Yes, the Soweto uprisings in 1976 I'm aware, but please tell us about them, please.

So we talked a little bit about the disparity in education.

So our education was called the Bantu education Bantu meaning people.

But they were referring to the black people.

So if you saw any sign where Sesno Bantu is allowed, it was referring to us black people.

And so for route, Mr Farouk, he designed the Bantu education.

It was an inferior kind of education for black people, you know?

And as I said, you know, we were just taught to be able to just read and write to get orders from somebody, but not to go into any higher education.

And so they also introduced the Africans language.

So at home, we spoke our native language, which is closer for me.

And then we were also learning English.

But on top of that, they had introduced the Afrikaans language and of course, because the architects of apartheid where the Afrikaners then we said Afrikaans is an oppressor language and we did not want to learn that I was forced to learn it in high school.

But of course the uprisings came after I had already that high school.

So the students in Soweto organised and said, Down with the oppressors language down with the Bantu education.

And so that's when how the uprising started.

And of course, we know that some of the students were killed and some disappeared, and then some had to leave the country because the security police were after them.

And what just again the impact that that had on you and on your husband Eric?

Well, it did have an impact indirectly, even though we were out of school.

But the architects of apartheid, we're strengthening the, you know, the reins on us.

So there were more laws put into place and there were some security acts that were introduced, you know, so that you could be detained for for so many days without even seeing a lawyer without any trial.

And so we were getting disillusioned, wondering if they would ever be any change.

And so decisions had to be made whether you stay in that system and fight or you try something else.

What did Eric do?

I don't think he wanted to live, but because after he had completed his, you know, law degree.

Then he started working for a company that was defending political prisoners.

So he got quite involved in that, you know, And he was able to get some of them released as well from prison because there was no trial.

They were just sitting there in gaol.

So I think the security people, they didn't like what he was doing.

And so he got arrested once, and at the time I was in the hospital after I've been in a car accident.

And he didn't show up one evening when he used to come and visit me on a regular basis.

And then my sister in law told me that he'd been arrested, but he managed to I would say, wiggle out of that, you know, because they let him go.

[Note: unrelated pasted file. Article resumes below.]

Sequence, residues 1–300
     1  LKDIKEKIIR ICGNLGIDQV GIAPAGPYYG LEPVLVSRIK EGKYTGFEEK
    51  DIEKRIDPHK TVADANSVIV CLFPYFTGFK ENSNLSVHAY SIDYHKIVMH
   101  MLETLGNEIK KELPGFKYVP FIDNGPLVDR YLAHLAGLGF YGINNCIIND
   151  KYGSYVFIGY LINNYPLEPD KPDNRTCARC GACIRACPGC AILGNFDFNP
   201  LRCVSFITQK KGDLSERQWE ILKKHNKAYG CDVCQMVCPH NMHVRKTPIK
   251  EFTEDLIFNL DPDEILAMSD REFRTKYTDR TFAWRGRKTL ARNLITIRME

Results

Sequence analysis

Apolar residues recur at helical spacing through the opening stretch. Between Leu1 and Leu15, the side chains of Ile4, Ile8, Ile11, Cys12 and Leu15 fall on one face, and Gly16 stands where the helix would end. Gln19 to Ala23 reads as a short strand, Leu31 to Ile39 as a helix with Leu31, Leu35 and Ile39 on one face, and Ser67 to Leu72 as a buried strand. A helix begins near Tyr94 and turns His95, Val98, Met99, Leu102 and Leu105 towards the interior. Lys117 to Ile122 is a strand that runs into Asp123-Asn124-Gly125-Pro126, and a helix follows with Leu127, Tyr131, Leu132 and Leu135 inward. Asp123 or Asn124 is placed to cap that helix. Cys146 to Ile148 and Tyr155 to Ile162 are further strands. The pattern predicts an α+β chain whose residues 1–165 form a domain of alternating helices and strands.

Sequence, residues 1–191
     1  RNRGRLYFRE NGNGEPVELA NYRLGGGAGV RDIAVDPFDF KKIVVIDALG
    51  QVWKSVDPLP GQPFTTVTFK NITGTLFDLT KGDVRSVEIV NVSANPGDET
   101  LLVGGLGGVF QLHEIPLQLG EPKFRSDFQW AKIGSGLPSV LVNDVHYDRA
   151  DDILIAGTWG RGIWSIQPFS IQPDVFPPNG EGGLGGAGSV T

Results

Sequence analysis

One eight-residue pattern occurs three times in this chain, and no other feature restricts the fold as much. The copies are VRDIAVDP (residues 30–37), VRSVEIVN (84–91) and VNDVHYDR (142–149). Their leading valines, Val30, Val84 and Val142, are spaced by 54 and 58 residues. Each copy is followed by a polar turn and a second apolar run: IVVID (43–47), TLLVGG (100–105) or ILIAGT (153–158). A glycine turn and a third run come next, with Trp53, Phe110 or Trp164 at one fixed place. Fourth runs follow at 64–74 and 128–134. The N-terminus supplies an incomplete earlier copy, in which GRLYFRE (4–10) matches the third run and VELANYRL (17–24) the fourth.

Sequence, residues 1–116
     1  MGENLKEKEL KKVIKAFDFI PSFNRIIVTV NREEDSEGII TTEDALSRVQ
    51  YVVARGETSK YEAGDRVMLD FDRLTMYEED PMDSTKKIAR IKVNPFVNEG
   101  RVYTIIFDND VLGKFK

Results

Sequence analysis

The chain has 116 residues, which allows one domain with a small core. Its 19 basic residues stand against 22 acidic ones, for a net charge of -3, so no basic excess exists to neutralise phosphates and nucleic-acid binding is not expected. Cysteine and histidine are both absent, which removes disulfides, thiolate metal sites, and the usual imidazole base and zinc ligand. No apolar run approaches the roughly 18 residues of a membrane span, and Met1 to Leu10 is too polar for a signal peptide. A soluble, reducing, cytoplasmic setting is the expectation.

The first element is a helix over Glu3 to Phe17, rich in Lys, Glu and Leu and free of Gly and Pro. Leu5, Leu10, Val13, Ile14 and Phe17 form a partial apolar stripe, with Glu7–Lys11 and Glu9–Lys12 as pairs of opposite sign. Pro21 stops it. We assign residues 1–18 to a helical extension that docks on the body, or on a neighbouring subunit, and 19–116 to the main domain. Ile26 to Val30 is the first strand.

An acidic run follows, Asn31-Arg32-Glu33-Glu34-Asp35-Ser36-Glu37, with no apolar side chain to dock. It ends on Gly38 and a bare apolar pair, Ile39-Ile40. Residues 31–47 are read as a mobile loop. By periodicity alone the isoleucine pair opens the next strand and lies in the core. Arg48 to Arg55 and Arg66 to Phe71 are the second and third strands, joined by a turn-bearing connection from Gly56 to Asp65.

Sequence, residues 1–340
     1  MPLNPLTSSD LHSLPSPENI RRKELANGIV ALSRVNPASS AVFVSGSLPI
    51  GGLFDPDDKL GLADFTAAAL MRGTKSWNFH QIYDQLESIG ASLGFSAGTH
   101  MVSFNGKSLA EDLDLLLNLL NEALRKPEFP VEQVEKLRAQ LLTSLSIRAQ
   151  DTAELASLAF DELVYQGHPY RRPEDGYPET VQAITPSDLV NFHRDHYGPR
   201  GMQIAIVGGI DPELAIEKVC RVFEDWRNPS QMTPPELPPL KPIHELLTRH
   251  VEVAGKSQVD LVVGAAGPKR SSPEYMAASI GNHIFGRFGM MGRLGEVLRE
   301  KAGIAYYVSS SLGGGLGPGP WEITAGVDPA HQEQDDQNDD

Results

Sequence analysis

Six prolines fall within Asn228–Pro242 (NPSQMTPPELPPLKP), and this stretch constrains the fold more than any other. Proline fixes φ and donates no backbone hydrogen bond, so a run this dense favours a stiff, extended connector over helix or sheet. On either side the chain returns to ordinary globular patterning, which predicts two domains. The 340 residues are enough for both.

And then about a month later, they were looking for him again.

And then at that point, he knew that if they took him again, then he would either be in prison or and I mean, the chances being killed were very high because a lot of prisoners were dying in prison for they would say, Oh, he fell in the shower and hit his head, you know, type of thing.

Did he leave South Africa?

Yes.

He had to flee South Africa in 1978 and he went to Swaziland.

Okay, so to Swaziland and and then you that, you know, your husband is in Swaziland.

You and your two Children are still in South Africa.

How did you manage that relationship will be able to visit him, Or how did that how did that work out?

It was very difficult because at the time, we didn't have cell phones to start with.

And then Secondly, it's not all the homes that had telephones, so there was no way of him calling me.

But there would always be a career, you know, because I also needed financial support.

So somebody you know would talk by our house and give me some information about him and he got to be quite active.

Obviously, at this point, I mean, even probably more so than when he was in South Africa.

Oh, yes.

Absolutely.

Because the A N.

C.

Was very active in the countries that were surrounding South Africa.

There were some operations that were being done.

So Lindy, you're a mother.

You're a nurse.

Uh, and you have two Children and your husband is a known activist working for the A N.

C.

Did you ever feel pressure that you were being watched or that they were trying to make your life difficult knowing who your husband was?

Oh, yes, absolutely.

You know, after he had escaped, somebody came to the door.

And now you know, you have to remember, in South Africa there are security issues.

So we had a high fence around our home, but they managed to cut the fence and get inside.

And then there were knocks on the windows on the doors.

And at the time, my one of my older brothers had come to live with me just for safety.

And so they wanted to know where he was.